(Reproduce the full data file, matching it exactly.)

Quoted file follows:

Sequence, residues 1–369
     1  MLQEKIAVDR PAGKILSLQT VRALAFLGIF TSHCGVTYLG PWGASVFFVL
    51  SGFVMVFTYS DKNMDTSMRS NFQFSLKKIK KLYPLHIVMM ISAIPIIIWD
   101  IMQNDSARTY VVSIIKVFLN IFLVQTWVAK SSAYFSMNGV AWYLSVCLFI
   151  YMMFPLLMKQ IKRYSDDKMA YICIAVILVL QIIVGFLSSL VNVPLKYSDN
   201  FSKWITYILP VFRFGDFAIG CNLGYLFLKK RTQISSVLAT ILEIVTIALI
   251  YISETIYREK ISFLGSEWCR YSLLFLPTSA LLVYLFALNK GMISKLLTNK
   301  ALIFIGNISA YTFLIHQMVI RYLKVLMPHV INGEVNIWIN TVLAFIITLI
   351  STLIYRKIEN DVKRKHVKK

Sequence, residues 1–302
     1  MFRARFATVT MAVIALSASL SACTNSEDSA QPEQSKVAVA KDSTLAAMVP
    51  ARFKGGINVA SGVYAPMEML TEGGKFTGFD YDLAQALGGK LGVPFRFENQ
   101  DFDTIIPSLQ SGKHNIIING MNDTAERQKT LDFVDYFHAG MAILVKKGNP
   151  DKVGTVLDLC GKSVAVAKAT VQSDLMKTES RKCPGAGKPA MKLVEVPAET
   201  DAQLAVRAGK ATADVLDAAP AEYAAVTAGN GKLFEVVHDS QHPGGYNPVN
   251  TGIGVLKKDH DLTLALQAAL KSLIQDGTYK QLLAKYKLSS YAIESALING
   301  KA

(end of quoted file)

Sequence, residues 1–369
     1  MLQEKIAVDR PAGKILSLQT VRALAFLGIF TSHCGVTYLG PWGASVFFVL
    51  SGFVMVFTYS DKNMDTSMRS NFQFSLKKIK KLYPLHIVMM ISAIPIIIWD
   101  IMQNDSARTY VVSIIKVFLN IFLVQTWVAK SSAYFSMNGV AWYLSVCLFI
   151  YMMFPLLMKQ IKRYSDDKMA YICIAVILVL QIIVGFLSSL VNVPLKYSDN
   201  FSKWITYILP VFRFGDFAIG CNLGYLFLKK RTQISSVLAT ILEIVTIALI
   251  YISETIYREK ISFLGSEWCR YSLLFLPTSA LLVYLFALNK GMISKLLTNK
   301  ALIFIGNISA YTFLIHQMVI RYLKVLMPHV INGEVNIWIN TVLAFIITLI
   351  STLIYRKIEN DVKRKHVKK

Sequence, residues 1–302
     1  MFRARFATVT MAVIALSASL SACTNSEDSA QPEQSKVAVA KDSTLAAMVP
    51  ARFKGGINVA SGVYAPMEML TEGGKFTGFD YDLAQALGGK LGVPFRFENQ
   101  DFDTIIPSLQ SGKHNIIING MNDTAERQKT LDFVDYFHAG MAILVKKGNP
   151  DKVGTVLDLC GKSVAVAKAT VQSDLMKTES RKCPGAGKPA MKLVEVPAET
   201  DAQLAVRAGK ATADVLDAAP AEYAAVTAGN GKLFEVVHDS QHPGGYNPVN
   251  TGIGVLKKDH DLTLALQAAL KSLIQDGTYK QLLAKYKLSS YAIESALING
   301  KA